For the week, Chicago wheat closed 3 ¾ cents cent higher; Kansas City wheat closed 3 ½ cents lower and Minneapolis wheat 11 cents lower. Egypt bought 60,000 mts of French wheat and China bought 130,000 mts of U.S. white wheat.

U.S. wheat exports last week were 17.1 mb and little-changed from the previous week's 18.0 mb. Cumulative exports of 312 mb remain up 23% from last year's slow-starting 254 million through the first 17 weeks of the marketing year, while wheat shipments will need to average roughly 18.4 mb per week through the end of May in order to reach the USDA's 975 mb export projection versus last year's 18.7 mb per week from this point forward.

In the weekly crop progress and conditions report, U.S. spring wheat harvest is 90% complete versus 92% expected, 87% last week, 100% last year and 99% average. U.S. winter wheat planting is 39% complete versus 36% expected, 22% last week, 41% last year and 38% average. 11% of the crop has emerged versus 13% normally.

The USDA issued small grain production summary, normally the last production summary until the January final crop report. However, the USDA said, shortly after the release of the data, they will make plans to re-assess the spring wheat and durum acres, with updated estimates to be revealed in the November monthly S&D report due to the late harvest of the spring wheat crop. Wheat production estimates were 1.962 bb for all wheat and 1.304 bb for all winter wheat. Class by class estimates were 833 mb for HRW, 239 mb for SRW, 236 mb for white winter, 600 mb for other spring and 57 mb for durum.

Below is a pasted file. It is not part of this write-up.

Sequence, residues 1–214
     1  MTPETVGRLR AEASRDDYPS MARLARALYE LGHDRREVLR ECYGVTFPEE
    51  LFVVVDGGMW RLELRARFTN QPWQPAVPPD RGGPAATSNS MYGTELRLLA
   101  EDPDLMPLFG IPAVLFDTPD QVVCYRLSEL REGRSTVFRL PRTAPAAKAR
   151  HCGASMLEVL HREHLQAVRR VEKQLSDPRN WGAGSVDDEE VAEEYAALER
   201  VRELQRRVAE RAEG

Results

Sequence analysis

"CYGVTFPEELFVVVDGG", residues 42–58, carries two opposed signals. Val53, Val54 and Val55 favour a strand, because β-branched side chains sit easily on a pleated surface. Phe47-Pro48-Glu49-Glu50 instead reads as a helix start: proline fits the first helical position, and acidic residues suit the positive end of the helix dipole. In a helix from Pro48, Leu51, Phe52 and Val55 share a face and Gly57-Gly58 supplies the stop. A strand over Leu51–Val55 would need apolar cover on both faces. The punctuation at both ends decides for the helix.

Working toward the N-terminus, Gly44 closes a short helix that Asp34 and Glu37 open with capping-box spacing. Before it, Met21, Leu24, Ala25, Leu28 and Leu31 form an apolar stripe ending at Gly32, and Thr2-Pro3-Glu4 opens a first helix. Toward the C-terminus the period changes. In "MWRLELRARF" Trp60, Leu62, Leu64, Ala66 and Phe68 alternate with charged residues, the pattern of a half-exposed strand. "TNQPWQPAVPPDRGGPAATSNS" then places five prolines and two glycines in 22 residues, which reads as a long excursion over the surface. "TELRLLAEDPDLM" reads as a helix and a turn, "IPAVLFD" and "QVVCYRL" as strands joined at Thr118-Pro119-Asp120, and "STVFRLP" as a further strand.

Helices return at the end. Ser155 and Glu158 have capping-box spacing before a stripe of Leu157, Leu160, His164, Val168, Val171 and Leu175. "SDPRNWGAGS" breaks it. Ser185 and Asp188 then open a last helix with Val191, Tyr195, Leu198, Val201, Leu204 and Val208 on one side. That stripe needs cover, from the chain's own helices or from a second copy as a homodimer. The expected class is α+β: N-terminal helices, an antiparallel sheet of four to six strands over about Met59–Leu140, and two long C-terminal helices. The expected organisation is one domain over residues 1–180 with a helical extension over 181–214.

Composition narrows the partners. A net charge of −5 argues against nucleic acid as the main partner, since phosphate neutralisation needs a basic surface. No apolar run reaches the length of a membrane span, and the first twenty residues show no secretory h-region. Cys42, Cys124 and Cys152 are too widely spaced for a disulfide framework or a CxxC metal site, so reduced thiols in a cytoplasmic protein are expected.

Wheat stocks were 2.385 bb, above estimates of 2.318 bb and nearly identical to last year's 2.390 bb.

Strategy and outlook: The huge world supplies of wheat mandates producers to sell out inventory and use options to manage risks on sharp rally attempts.

LIVE CATTLE-------------------------------

Last week, live cattle closed 47 cents higher while feeder cattle closed $2.00 lower.

Fed cattle trade occurred in the South at $106 to $107 - mostly $2 to $4 higher than the prior week. A moderate trade in the North was noted at $170 dressed - $5 higher versus the prior week. Feeder cattle traded mostly steady to $3 higher.

The Fed Cattle Exchange saw 846 head offered for sale in 4 lots. All lots went unsold. 2 lots in Nebraska asked $107 and $111; 1 lot from Kansas asked $106 and 1 lot from Texas asked $107.

The latest USDA steer carcass weights were up 5 pounds compared to the prior week at 896, making them steady with last year. Net beef sales of 12,500 metric tons (MT) reported for 2019 were down 34 percent from the previous week and 30 percent from the prior four-week average.

Strategy and outlook: Markets are embarking on a counter seasonal rally.


Lean hogs closed the week $2.55 lower. Last week, Iowa and Minnesota weekly hog weights came in at 281.9 pounds versus 280.5 pounds week prior and 280.0 pounds last year.  Net pork sales of 31,000 MT reported for 2019 were down 4% from the previous week, but up 44% from the prior four-week average. 

China bought 3,500 mts of U.S. pork and shipped 6,000 mts.

Strategy and outlook: Producers should have moved all risk to the cash markets.

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Brian Hoops is president and senior market analyst of Midwest Market Solutions Inc. The home office is in Springfield, Mo., with branch offices in Thief River Falls, Minn.; Verona, N.D.; Yankton, S.D.; Storm Lake, Iowa; and Springfield, Neb.